Essential Reading

Insights from Quadrant
Insights from Quadrant

Protocols of the Elders of Flyin’

When something goes wrong in world — a chopper loaded with Iranian leaders ploughs into a fog-shrouded mountain and everyone dies, for instance — it is only to be expected that a Jew will be blamed. So it comes as no surprise that supporters of the Tehran regime, not generally known for a sense of humour, latched on to puckish Israelis’ social media posts claiming that the pilot was a Mossad agent by name of Eli Copter. Swallowed hook, line and sinker, the gag made it onto Iranian state media and the bulletins of other dim-bulb regional broadcasters, notably that of the Palestinian Authority.

Look beyond the knee-jerk Hebrewhaha, however, and there is no shortage of possible dark motives, rather than a stupid pilot taking to the air when he shouldn’t, to inspire speculation that President Ebrahim Raisi might well have been assassinated, not by Israel but a regime rival. Writing at Middle East Forum before all aboard were confirmed dead, Shay Khatiri explains:

Iranians embrace conspiracy theories … That the helicopter crash occurred so soon after the first open and direct Iran-Israel military confrontation will lead many Iranians and perhaps the regime itself to blame Israel.

Still, other conspiracies could emerge. Many Iranians saw Raisi’s presidency as an audition to succeed the 85-year-old cancer-stricken Khamenei as Supreme Leader, but Khamenei’s son Mojtaba also coveted the top position. The factional rivalry has simmered just below the surface. Raisi has long been the IRGC’s darling, but many in the clergy favor Mojtaba. This is why the powerful Qom seminary hired Mojtaba, who lacks scholarly credentials, to be a lecturer. By embracing Khamenei’s son, the seminary sought to signal its support for Raisi’s rival.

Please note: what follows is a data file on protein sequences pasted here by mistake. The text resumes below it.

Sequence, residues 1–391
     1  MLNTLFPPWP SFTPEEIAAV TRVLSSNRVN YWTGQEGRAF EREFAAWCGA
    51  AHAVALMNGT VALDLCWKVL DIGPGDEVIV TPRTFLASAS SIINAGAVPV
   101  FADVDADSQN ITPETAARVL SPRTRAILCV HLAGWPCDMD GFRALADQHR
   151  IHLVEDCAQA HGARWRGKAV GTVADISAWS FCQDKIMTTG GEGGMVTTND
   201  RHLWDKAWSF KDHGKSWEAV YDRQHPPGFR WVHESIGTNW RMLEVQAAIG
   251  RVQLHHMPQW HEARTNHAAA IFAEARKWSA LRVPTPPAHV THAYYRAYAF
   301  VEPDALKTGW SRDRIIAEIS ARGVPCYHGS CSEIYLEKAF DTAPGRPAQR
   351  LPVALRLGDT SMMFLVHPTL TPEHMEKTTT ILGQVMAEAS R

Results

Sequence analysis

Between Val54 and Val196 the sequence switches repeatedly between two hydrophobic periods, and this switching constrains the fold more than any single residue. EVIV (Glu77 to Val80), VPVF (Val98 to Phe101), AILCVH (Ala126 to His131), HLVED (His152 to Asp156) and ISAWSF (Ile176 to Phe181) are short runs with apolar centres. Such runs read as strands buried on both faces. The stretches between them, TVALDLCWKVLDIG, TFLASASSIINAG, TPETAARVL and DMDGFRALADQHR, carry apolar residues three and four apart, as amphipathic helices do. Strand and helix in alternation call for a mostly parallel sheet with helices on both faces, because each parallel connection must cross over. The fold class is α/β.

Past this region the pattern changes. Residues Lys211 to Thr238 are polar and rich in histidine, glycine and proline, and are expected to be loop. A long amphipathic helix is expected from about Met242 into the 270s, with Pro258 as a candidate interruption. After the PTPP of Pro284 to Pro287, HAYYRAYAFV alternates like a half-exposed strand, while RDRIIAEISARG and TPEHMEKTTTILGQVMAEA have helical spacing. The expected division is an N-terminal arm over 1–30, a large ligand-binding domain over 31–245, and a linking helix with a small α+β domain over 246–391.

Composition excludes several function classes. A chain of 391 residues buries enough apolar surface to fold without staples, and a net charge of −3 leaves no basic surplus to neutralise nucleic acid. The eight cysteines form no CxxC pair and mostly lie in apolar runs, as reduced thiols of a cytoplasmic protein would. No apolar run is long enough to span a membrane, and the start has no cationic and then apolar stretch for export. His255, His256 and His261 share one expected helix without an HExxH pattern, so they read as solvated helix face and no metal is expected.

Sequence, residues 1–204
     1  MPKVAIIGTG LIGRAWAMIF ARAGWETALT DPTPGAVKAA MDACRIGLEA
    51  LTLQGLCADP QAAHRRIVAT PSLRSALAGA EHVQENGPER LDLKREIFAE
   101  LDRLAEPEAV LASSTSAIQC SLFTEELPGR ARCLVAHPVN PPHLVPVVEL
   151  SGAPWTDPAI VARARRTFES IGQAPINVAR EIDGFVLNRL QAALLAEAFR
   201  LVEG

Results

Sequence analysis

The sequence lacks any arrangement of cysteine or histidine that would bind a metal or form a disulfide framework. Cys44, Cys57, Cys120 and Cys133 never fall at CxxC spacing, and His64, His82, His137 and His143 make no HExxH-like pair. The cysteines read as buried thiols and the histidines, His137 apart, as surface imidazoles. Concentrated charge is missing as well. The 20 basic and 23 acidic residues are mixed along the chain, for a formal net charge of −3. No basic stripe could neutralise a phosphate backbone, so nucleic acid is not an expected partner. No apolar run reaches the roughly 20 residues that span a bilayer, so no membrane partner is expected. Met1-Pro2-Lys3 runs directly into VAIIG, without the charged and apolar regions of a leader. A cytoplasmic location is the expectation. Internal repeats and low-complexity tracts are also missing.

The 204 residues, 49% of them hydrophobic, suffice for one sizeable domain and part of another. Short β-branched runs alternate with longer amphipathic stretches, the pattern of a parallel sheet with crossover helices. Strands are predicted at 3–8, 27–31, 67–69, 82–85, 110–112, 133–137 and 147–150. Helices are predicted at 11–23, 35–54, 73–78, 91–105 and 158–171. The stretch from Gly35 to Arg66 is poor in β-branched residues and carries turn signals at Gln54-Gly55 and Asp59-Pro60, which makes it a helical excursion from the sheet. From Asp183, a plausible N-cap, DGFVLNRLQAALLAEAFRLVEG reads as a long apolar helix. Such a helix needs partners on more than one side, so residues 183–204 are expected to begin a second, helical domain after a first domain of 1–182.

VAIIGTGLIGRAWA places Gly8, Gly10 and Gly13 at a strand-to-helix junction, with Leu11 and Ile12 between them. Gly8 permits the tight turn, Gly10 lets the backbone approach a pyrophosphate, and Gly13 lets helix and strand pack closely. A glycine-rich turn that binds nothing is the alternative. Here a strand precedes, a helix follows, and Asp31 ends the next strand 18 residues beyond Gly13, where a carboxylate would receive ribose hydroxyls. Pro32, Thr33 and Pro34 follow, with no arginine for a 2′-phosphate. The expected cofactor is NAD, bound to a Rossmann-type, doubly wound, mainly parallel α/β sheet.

Indeed, assassinating Raisi could make sense. Mojtaba now enjoys his father’s protection, but that support will not survive Ali Khamenei’s death. Raisi, on the other hand, was the prosecutor-general and had dirt on everyone—during a presidential debate, he flashed a document detailing his rival’s corruption to scare him. In essence, Raisi [could] politically brawl like a street thug and blackmail like J. Edgar Hoover. If Raisi is dead, Mojtaba will be popping the non-alcoholic champagne. This will make him the favorite to succeed his father—for now.

Khatiri’s analysis can be read in full here. 

–rf

Insights from Quadrant

Hellbent on ugliness

Modern Age is a site well worth bookmarking for regular visits. In analysing Prince Charles’ new portrait, editor Daniel McCarthy shows why:

….Cultural scholars of a free-market bent have ventured an explanation for the primitive, ugly, offensive, and kitschy character of so much modern art. In an age when any consumer can own the symphonies of Beethoven or take a cheap flight to see the Mona Lisa firsthand, tastemakers whose own tastes were shaped by anti-capitalist intellectuals came to see the enjoyment of beauty as dreadfully vulgar. Something had to distinguish persons of enlightened sensibility from the vile bourgeoisie. But what could the great and good buy that the public couldn’t copy?

The answer wasn’t something that the masses couldn’t afford but something that they wouldn’t want—unbeautiful and unpopular things, the less appealing or more transgressive the better. On this account, elite anxiety is the root of modernism at its worst. Off-putting works are to be cherished precisely for their power to repel the right sort of person…

McCarthy’s essay can be read in full here.